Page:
Green believes current governments are pushing the industry into a slow wind down by hyper-regulating pipelines, inflating rail transport costs through tougher rail car standards, adding carbon taxes, setting up a tanker ban, obstructing port access, and putting in tougher sulphur rules and an emissions cap.
The sector is losing momentum, resulting in skilled labour migrating to other places and a diminished profile, which, in turn, will make it harder to re-start growth, he said.
Yet many top energy forecasters and industry experts don’t share the gloom, since a growing global population will increase the demand for oil alongside other energy sources.
The U.S. Energy Information Administration in its Sept. 14 International Energy Outlook 2017 predicted Canadian oil production would rise by 1.26 million barrels a day by 2040, mostly from the oilsands.
The National Energy Board sees Canadian crude oil production increasing from 4 million b/d in 2015 to 5.7 million b/d in 2040, a 41-per-cent increase, driven primarily by a 72-per-cent increase in oilsands production, which would reach 4.3 million b/d by 2040, up from 2.5 million b/d in its reference or middle-of-the-road scenario.
The Canadian Association of Petroleum Producers, which gets input directly from its member companies, has oilsands production rising to 3.7 million b/d by 2030, up 1.3 million b/d from 2016 levels, though way short of the 6 million b/d of approved production capacity.
Over that period, the oilsands will be the main contributor to Canada’s overall oil production growth to 5.12 million b/d by 2030, from 3.85 million b/d in 2016, CAPP said.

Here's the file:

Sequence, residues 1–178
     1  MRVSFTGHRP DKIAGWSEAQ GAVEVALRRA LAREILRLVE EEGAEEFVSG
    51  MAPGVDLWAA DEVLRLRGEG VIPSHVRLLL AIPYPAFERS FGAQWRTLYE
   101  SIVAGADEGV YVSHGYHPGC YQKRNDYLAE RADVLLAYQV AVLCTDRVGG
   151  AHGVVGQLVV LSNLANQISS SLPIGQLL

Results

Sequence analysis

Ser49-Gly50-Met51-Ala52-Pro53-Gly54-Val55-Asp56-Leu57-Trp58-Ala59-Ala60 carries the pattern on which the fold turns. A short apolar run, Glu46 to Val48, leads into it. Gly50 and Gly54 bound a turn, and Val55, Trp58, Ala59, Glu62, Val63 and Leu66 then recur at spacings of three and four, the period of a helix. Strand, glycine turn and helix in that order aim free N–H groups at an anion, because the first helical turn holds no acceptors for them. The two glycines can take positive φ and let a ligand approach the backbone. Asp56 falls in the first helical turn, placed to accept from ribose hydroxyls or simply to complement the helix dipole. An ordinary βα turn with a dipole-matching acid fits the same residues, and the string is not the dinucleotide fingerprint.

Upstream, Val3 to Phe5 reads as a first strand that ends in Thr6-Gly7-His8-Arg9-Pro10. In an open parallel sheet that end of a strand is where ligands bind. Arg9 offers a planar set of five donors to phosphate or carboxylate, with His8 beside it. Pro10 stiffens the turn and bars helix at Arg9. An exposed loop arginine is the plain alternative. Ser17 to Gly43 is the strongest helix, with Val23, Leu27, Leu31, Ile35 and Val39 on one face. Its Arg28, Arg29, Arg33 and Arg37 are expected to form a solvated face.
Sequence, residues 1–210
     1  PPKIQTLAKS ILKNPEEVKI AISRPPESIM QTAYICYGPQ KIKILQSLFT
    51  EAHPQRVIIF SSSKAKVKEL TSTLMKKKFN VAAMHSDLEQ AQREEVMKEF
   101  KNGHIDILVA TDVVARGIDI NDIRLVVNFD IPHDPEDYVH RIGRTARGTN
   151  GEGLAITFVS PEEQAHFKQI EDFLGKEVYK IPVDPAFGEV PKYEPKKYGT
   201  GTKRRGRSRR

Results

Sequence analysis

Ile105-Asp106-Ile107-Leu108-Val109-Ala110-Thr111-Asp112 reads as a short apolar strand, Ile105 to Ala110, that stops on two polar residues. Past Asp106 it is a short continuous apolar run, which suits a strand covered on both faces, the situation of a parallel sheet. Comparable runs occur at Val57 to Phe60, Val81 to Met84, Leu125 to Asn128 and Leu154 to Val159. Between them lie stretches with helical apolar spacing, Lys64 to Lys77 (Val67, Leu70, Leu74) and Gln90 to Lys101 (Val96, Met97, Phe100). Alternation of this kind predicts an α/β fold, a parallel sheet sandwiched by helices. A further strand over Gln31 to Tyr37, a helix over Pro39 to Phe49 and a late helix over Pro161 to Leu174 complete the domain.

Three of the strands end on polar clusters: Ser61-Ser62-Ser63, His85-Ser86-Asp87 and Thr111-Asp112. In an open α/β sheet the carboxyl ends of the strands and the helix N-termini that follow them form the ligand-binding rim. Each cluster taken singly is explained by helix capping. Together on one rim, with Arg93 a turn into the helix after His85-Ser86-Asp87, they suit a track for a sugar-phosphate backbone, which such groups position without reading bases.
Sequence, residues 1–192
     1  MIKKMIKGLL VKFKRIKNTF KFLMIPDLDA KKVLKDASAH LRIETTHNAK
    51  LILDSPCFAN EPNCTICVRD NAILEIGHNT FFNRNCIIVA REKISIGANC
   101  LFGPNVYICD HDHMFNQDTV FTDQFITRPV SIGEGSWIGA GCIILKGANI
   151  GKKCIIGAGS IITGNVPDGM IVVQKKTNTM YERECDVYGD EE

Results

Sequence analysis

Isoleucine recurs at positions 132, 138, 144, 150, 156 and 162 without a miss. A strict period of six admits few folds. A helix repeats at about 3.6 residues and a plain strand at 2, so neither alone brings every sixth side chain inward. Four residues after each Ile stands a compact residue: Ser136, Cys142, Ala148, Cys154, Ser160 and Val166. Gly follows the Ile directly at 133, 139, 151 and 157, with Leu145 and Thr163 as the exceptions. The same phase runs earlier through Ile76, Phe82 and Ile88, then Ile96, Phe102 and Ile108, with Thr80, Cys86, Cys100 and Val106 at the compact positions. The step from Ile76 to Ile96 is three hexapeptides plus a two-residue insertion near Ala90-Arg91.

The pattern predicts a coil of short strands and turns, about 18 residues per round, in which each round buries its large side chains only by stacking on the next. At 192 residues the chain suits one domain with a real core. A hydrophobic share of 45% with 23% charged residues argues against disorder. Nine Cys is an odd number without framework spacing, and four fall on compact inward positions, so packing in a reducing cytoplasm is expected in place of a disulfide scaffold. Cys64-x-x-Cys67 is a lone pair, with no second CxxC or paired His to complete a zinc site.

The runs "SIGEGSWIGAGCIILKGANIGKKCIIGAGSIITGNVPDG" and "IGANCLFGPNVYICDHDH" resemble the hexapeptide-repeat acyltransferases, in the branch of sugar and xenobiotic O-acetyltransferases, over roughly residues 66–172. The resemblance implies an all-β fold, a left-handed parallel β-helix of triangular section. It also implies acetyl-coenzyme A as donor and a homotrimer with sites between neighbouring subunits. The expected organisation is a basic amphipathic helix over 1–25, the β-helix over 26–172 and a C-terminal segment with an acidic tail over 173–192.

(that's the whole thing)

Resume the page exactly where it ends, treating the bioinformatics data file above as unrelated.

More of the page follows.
But after two years of deep and rapid cost cuts to match low oil prices, the next stage of growth will come in smaller and faster increments to compete with sources such as shale oil that can more quickly respond to price signals, said Scott Sharabura, an associate partner in McKinsey & Co.’s Calgary office who advises senior oilsands executives on operational transformation.
This growth phase will be more disciplined and more focused on efficiencies and boosting internal expertise as ways to increase margins, he said.
“It would be hard to see a boom similar to the one we had over the previous 10 years, but a return to growth? I absolutely can see that,” Sharabura said.
Even another oil shock won’t hold the oilsands back, said Gil Dawson, managing partner of Turnstone Strategy Inc., an oil and gas price-forecasting firm in Calgary.
Another shock that could push down prices below US$30 a barrel isn’t out of the question, Dawson said, given that the demand for oil has slowed as the global economy has weakened since 2011 and oil inventories continue to be stubbornly high.